Apple encourages app developers to remove or properly publish their use of analytics code so they can record how a user interacts with their iPhone apps – or remove faces from the App Store, TechCrunch confirms.
In an email, Apple spokesman said, "Protecting users' privacy is paramount in the Apple ecosystem. Our App Store Verification Policies require that apps obtain explicit user consent and provide a clear visual indication for recording, logging, or otherwise recording user activity. "
" We have notified developers who violate these strict privacy policies of any terms and conditions, and will take action immediately if necessary, "the spokesperson added.
Even if sensitive data should be masked, some data ̵
However, Apple expressly prohibits apps that collect hidden data without the permission of a user.
TechCrunch started hearing on Thursday The app developers have already been told that their apps fell into Apple's rules. An app developer was asked by Apple to remove the code that recorded app activity, using the company's app store policies.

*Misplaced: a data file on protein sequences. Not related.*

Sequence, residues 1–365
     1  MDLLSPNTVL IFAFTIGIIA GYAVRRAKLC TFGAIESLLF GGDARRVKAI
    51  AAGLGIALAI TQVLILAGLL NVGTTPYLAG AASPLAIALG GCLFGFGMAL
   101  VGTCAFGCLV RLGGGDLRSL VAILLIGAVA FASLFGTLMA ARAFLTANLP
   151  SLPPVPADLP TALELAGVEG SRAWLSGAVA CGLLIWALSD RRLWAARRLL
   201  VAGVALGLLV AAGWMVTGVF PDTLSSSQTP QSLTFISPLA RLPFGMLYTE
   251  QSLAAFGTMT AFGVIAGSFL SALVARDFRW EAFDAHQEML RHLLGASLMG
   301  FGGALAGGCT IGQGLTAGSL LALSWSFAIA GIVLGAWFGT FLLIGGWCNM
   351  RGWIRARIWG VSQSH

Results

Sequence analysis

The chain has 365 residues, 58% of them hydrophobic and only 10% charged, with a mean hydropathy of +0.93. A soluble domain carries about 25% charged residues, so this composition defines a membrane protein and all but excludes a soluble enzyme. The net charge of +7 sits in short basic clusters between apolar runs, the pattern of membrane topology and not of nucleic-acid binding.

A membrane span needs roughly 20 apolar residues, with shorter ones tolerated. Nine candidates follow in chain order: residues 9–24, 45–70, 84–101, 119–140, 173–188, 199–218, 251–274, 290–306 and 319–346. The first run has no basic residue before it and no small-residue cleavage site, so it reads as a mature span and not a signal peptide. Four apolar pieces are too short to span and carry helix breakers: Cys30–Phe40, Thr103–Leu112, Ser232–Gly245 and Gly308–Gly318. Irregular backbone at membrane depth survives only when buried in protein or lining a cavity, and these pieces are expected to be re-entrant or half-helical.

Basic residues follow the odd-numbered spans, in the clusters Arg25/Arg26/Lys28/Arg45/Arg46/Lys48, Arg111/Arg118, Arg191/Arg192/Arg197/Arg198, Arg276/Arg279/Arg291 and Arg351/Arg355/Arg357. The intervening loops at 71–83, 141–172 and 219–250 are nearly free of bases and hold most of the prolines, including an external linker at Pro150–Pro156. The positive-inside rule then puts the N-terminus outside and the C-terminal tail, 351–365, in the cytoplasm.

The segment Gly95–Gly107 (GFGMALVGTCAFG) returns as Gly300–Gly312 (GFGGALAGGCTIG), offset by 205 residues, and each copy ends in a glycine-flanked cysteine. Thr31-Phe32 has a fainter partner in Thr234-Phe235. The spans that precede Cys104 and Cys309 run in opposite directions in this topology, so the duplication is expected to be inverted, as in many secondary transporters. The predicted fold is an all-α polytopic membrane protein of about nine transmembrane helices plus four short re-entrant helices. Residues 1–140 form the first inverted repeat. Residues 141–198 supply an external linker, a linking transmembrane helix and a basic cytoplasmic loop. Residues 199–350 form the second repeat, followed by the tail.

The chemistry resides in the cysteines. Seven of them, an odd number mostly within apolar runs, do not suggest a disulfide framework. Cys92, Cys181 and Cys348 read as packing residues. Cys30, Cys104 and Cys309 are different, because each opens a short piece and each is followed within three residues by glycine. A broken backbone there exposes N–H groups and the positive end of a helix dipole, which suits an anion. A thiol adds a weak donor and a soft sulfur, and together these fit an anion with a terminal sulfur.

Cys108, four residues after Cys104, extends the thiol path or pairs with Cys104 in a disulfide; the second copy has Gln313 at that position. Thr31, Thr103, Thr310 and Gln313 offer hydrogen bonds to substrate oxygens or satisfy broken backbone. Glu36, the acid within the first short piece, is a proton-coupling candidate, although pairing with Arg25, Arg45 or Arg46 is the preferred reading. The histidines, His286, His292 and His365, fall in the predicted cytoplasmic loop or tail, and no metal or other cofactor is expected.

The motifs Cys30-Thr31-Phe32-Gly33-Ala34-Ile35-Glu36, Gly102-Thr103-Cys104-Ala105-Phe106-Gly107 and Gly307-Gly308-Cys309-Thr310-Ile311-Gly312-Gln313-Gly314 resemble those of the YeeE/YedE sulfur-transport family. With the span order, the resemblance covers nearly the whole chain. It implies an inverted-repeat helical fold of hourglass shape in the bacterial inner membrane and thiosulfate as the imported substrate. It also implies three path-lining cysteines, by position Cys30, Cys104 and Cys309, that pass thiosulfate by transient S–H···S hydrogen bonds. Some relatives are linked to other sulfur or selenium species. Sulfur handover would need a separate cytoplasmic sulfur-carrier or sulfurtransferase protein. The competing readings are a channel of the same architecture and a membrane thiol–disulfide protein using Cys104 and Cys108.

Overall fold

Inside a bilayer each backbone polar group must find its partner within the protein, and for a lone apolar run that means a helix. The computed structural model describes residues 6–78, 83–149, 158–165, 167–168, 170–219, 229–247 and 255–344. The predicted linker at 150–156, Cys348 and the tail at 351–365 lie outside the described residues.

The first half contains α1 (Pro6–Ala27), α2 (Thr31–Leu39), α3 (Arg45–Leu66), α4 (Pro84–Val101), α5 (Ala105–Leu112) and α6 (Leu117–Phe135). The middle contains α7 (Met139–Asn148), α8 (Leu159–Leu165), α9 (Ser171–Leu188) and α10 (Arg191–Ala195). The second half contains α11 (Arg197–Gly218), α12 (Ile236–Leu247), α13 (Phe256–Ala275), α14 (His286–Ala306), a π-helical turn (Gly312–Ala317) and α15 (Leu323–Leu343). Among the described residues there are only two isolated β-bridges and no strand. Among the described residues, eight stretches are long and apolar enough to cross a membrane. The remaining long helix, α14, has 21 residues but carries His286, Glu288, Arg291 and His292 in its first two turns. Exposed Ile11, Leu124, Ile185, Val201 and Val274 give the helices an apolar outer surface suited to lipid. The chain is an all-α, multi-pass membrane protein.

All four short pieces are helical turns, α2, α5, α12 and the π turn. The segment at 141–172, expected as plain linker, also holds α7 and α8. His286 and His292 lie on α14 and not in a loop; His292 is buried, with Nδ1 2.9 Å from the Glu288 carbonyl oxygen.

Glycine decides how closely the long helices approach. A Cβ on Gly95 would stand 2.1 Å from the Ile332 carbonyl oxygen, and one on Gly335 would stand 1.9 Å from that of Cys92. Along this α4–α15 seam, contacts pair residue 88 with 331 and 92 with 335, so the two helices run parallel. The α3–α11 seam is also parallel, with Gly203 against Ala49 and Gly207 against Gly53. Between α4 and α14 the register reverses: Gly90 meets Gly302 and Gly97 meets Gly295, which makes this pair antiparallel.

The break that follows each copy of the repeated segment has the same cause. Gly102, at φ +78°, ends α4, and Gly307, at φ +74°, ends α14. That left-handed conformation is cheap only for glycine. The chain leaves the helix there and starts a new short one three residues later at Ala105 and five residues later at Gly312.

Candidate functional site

"Your app uses analytics software to collect user and device data without the consent of the user and to send it to a third party. Apps must request the explicit consent of the user and provide a clear visual indication for recording, logging, or otherwise recording user activity. Apple said in the email.
Apple gave the developer less than a day to remove the code and resend your app or the app would be removed from the App Store, the email said.
Asked if Glassbox knows the removal of the App Store, a spokesperson for Glassbox said that "communicating with Apple is through our customers." 19659002] Glassbox is also available to Android app developers. Google does not Google Play also specifically prohibits apps from secretly collecting device usage. "Apps should not obscure or obscure tracking behavior, or attempt to mislead users about such features." We're updating when and when we hear again.
It's the latest privacy breach that has forced Apple to protect its customers after apps have been maltreated.
Last week, TechCrunch reported that Apple's Facebook research was banned from "an app that has paid the social media giant teenagers for collecting all of their data."
There followed another investigation by TechCrunch, at which Facebook abused the Enterprise Developer Certificate issued by Apple to create and deliver apps to consumers outside of Apple's App Store, and Apple temporarily revoked Facebook's corporate developer certificate and shut down all its internal iOS apps for nearly a day.